Dextroamphetamines: Uses, Side Effects, Addiction
Dextroamphetamine is a central nervous system stimulant, It works by changing the amounts of certain natural substances in the brain. Dextroamphetamine is used as part of a treatment program to control symptoms of attention deficit hyperactivity disorder (ADHD; more difficulty focusing, controlling actions, and remaining still or quiet than other people who are the same age) in adults and children.
Dextroamphetamine is also used to treat narcolepsy (a sleep disorder that causes excessive daytime sleepiness and sudden attacks of sleep). Furthermore it is used as an athletic performance and cognitive enhancer and recreationally as an aphrodisiac and euphoriant.
How should dextroamphetamine be used?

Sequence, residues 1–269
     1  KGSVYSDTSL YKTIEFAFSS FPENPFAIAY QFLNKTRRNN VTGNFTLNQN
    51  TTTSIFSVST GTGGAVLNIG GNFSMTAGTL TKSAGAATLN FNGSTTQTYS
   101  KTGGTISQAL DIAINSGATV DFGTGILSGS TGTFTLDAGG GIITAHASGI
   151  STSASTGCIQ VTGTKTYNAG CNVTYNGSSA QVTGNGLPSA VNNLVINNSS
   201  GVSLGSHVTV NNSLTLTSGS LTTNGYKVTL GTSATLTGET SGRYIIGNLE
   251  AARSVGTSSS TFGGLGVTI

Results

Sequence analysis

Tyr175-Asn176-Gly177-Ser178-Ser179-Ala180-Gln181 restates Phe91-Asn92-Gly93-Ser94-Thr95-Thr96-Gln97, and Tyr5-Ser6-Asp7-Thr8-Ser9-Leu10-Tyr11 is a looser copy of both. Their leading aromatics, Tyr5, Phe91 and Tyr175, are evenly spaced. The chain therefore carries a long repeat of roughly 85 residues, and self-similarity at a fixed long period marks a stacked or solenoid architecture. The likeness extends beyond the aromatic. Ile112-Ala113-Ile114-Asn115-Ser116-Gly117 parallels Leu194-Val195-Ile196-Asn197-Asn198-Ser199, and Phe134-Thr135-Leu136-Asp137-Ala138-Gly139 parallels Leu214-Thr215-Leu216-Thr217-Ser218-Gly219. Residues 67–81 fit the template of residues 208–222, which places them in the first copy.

Dextroamphetamine comes as a liquid, tablet, and an extended-release (long-acting) capsule to take by mouth. The tablet is usually taken 2 to 3 times daily with or without food. The extended-release capsule is usually taken once a day with or without food. The liquid is usually taken once or twice daily with or without food. Take dextroamphetamine at around the same time(s) every day. If you are taking dextroamphetamine tablets, take your first dose as soon as you wake up in the morning, and space your doses by 4 to 6 hours. Do not take dextroamphetamine in the evening because it may cause difficulty falling asleep or staying asleep. Follow the directions on your prescription label carefully, and ask your doctor or pharmacist to explain any part you do not understand. Take dextroamphetamine exactly as directed.